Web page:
After you have published your book, the next step is Audio. ACX.com is the place to go. It isn’t the easiest site to navigate, but that’s the place to get your books recorded and place them in Audible’s vast library.
The procedure is simple once you navigate through the site.
The biggest problem is finding a voice to do your recording if you do not want do record it yourself. It is possible to record your own voice and use that for the final product and I would recommend that route if you have a good voice, can do different voices for your characters, and have 50 or so hours to do the job. Some special equipment is also recommended and may even be required depending on what you already have.
You can contract a voice for your book on ACX. There are two possible contracts. The first is you pay by the length of the book. This can range from a few hundred dollars to thousands depending on the frills and the reputation of the voice. The second way is to split the revenue from audio book sales. It’s a straight 50/50 split on the Audible sales. Unless you are a good selling author with a great volume of ebook and/or paperback sales there are not too many who will join you in the effort.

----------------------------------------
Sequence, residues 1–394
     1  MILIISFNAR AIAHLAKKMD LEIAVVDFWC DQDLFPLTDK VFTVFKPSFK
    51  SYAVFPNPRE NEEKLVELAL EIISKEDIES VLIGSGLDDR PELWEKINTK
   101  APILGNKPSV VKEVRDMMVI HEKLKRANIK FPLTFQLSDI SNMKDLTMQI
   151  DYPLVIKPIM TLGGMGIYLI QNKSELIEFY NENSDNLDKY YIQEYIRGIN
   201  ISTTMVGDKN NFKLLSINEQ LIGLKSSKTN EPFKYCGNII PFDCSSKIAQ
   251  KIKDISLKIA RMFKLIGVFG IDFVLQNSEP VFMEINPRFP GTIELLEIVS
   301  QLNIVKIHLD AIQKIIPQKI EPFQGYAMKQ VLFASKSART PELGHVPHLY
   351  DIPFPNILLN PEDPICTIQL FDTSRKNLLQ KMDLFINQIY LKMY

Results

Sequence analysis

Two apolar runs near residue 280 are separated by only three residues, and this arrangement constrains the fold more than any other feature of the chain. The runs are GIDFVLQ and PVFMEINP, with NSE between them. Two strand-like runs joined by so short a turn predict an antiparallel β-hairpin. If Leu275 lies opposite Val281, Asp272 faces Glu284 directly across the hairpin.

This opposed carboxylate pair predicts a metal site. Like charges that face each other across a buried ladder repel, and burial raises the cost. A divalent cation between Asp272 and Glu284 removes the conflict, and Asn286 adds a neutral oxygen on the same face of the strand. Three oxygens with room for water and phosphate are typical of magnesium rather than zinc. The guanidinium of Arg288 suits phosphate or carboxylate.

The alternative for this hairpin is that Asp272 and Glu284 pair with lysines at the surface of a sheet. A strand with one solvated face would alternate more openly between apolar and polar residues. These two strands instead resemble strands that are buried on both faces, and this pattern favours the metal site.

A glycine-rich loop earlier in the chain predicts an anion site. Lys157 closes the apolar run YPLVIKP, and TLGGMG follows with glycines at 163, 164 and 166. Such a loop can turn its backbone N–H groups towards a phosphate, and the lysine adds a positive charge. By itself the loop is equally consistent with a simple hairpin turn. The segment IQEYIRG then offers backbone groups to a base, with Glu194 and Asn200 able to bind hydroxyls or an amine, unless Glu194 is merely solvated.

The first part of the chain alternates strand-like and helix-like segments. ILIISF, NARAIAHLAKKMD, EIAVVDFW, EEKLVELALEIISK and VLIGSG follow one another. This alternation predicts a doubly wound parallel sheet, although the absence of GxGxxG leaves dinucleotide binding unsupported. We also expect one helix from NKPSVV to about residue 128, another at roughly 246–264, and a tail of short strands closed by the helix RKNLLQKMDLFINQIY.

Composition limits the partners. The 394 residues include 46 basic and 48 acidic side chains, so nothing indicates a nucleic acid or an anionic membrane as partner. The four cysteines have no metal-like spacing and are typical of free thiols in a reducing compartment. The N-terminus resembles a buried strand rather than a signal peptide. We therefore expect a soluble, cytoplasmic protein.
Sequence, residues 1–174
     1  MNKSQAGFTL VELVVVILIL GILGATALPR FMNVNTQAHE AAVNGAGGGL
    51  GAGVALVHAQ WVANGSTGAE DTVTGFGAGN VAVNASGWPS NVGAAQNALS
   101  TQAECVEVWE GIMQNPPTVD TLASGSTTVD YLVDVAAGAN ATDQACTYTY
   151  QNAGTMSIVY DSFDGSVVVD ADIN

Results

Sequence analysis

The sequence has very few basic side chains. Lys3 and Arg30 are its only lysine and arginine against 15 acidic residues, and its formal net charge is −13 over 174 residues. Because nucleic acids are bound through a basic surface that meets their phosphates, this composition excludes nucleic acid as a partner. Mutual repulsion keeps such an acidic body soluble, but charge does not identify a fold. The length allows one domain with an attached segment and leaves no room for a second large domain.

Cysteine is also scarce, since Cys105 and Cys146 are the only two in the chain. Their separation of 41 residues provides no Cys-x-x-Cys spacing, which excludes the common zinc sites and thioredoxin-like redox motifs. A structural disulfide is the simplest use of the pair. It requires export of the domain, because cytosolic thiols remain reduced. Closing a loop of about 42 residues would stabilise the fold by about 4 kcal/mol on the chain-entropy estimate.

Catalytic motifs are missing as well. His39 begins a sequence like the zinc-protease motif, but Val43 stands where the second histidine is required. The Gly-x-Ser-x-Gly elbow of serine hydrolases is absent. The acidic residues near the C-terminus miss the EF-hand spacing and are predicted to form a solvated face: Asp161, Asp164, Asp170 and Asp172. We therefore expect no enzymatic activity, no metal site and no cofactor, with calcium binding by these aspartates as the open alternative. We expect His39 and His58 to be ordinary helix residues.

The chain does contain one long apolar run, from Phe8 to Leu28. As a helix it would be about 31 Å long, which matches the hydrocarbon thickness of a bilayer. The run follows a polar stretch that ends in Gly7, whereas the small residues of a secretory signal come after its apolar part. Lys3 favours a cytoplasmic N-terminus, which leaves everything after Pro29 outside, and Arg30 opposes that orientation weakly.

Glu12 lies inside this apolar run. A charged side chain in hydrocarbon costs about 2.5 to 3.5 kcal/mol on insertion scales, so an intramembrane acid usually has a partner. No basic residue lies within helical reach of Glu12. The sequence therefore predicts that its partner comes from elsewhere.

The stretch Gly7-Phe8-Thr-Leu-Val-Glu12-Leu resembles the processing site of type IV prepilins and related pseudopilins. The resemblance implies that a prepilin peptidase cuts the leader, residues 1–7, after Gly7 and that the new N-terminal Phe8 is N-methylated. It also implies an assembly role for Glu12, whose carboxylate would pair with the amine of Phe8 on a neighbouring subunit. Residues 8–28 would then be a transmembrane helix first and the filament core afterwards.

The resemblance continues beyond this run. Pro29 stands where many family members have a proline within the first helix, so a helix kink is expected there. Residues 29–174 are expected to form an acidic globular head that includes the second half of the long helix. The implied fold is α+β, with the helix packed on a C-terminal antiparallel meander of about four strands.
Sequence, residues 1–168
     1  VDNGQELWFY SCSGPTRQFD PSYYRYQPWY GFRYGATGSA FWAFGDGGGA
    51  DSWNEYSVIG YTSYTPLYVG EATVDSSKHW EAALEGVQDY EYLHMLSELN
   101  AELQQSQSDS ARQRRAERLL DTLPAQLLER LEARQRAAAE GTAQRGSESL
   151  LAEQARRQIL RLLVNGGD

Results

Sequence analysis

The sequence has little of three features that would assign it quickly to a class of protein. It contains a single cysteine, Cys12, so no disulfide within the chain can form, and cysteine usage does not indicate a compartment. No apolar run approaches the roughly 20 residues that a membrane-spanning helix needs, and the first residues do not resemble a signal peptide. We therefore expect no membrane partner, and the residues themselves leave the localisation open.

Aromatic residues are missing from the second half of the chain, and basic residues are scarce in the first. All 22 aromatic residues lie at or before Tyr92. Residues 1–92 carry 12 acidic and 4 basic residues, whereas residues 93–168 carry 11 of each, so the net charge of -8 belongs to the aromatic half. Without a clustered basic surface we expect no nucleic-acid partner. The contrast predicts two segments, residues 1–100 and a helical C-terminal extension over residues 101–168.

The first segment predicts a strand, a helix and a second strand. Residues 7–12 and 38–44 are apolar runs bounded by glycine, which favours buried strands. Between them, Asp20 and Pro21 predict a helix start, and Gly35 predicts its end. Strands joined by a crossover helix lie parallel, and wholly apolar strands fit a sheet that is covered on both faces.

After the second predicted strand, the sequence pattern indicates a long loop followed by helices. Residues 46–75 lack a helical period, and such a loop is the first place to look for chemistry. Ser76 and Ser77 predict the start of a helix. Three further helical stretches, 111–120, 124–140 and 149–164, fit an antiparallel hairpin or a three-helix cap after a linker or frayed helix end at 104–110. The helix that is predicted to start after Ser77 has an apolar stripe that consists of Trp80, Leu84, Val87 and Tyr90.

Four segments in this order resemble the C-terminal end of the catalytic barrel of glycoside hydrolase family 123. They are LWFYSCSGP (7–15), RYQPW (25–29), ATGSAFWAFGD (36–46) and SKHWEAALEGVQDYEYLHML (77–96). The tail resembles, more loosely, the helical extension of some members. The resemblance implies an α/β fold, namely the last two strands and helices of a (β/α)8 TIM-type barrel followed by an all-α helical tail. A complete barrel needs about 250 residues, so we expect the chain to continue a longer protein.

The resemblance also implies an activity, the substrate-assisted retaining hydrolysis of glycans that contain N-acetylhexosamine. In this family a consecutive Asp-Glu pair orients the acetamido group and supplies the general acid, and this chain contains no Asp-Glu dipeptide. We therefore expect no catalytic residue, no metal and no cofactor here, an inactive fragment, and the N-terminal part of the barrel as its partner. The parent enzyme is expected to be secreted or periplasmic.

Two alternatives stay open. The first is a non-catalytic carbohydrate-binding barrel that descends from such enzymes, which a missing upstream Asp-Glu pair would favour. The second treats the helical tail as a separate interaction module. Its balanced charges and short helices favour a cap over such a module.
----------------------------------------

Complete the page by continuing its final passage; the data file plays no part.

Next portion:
The nice thing is you approve every chapter before final print. You will audition the voice. Both of these are part of the process.
One word of caution here, if you use ACX and Audible you tie up your book for digital audio format for 7 years with Audible.
A voice I will recommend without reservation is Charles (Charlie) Baker at www.cbvoice7.blogspot.com. To contact him directly at email@example.com. He has done two of my books and I am extremely happy with the result.